I kept on following the yellow dots and it was greatÂ to see that the route markers Lizzy, Mira and Richard even marked the routeÂ all the way to the Stupa, where I arrived after 9hrs and 38min. “Ultra Billi,” Richard shouted, “you came in 15th and you are the second fastestÂ woman.” This was very good and surprising news, had I been sure that I would come in last.
Another lovely surprise was that my Iranian frien Parvaneh Kazemi, who is currently getting ready for her expedition to Makalu, had come to BoudhanathÂ to pick me up. “I thought I should make sure you get home alright, especially now that the rain starts,” she said while ushering me into the taxi to get out of the strong gales that had turnedÂ KathmanduÂ into a sand-swept desert knocking over a few trees and sending signpost flying through the air. Once in the taxi the skies opened and a huge downpour descended on the city making me feel sorry for the people, who were still on the trail.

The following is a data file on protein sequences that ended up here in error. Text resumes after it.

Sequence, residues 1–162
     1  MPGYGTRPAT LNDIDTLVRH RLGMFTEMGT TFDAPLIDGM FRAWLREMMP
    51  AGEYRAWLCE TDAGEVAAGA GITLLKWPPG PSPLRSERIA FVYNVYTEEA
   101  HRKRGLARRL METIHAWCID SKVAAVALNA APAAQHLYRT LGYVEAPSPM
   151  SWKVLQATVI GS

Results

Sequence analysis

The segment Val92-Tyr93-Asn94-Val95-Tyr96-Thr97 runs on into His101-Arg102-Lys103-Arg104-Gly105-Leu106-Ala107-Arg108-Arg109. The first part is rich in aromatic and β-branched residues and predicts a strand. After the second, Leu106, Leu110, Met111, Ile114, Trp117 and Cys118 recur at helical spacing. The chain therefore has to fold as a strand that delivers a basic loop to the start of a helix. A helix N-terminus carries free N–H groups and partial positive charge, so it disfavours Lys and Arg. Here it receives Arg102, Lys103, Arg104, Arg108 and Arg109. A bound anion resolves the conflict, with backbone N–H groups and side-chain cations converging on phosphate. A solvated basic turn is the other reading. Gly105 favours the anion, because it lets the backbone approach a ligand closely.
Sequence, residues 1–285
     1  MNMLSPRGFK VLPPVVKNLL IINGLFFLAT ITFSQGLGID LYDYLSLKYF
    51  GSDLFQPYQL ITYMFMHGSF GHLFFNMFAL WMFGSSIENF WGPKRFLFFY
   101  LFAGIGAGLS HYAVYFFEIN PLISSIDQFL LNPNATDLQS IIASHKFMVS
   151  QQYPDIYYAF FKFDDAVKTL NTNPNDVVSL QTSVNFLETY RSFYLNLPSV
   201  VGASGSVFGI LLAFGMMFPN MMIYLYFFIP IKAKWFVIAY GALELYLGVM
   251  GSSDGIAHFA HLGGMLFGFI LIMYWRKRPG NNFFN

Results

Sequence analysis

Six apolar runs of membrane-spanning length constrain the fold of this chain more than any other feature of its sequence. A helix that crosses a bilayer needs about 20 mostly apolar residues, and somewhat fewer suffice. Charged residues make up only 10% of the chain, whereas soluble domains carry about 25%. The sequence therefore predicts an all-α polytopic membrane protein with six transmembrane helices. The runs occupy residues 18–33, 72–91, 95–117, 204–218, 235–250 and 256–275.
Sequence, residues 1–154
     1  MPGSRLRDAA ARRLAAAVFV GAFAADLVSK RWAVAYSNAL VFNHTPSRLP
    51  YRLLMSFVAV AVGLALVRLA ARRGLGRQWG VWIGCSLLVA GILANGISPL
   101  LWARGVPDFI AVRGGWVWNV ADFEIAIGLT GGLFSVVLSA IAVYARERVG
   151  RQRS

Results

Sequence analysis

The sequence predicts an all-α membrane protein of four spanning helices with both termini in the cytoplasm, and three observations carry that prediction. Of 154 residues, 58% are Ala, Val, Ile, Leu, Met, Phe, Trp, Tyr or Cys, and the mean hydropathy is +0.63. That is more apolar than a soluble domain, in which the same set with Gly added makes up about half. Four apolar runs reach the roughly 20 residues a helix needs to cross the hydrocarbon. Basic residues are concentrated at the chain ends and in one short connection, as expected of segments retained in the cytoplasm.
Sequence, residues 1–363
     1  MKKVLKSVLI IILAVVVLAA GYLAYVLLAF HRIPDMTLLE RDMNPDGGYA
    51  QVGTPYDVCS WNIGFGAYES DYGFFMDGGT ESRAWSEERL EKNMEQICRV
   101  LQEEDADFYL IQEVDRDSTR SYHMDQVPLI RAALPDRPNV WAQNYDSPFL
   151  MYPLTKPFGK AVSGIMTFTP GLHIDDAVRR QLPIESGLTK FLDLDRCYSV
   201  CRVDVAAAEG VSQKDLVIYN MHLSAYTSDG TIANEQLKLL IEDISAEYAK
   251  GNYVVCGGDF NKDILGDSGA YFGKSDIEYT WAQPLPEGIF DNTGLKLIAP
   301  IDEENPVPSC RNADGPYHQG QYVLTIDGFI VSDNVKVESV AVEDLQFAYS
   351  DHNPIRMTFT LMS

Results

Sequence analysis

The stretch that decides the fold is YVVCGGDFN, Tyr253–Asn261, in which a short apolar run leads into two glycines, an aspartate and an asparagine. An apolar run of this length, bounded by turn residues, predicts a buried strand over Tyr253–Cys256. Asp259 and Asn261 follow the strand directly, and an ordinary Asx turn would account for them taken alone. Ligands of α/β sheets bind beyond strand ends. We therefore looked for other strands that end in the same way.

However, everyone of the 28 finishersÂ arrived in Boudhanath safe and sound and fortunately nobody got hit by a falling tree, which I saw quite a few of on my way back to my house in Lazimpat.
At this point I would like to thank Richard Bull, for never giving up to organise these events and for doing it in great style; Mira Rai, an amazing Nepali runner competing in and winning international events, and the ultra trail championÂ Lizzy Hawker for doing an amazing job at marking the route. They did it so well that even I found my way from start to finish with only one little blip. I would also like to congratulate the winners of the race, Alfie Pearce Higgins from the UK as well as Bhim Gurung and Bhim Bahadur Gurung from Nepal, who all finished the course in an impressive 6hrs and 44mins. The fastest woman was speedy Rojina Bandhari from Jumla, who only took 7hrs 22mins. And last but not least, I would like to thank my friend Parvaneh for picking me up and making sure that I get home just before the rain.
Happy Easter to everyone – and watch the space for more races – I think I may have found a new sport :-).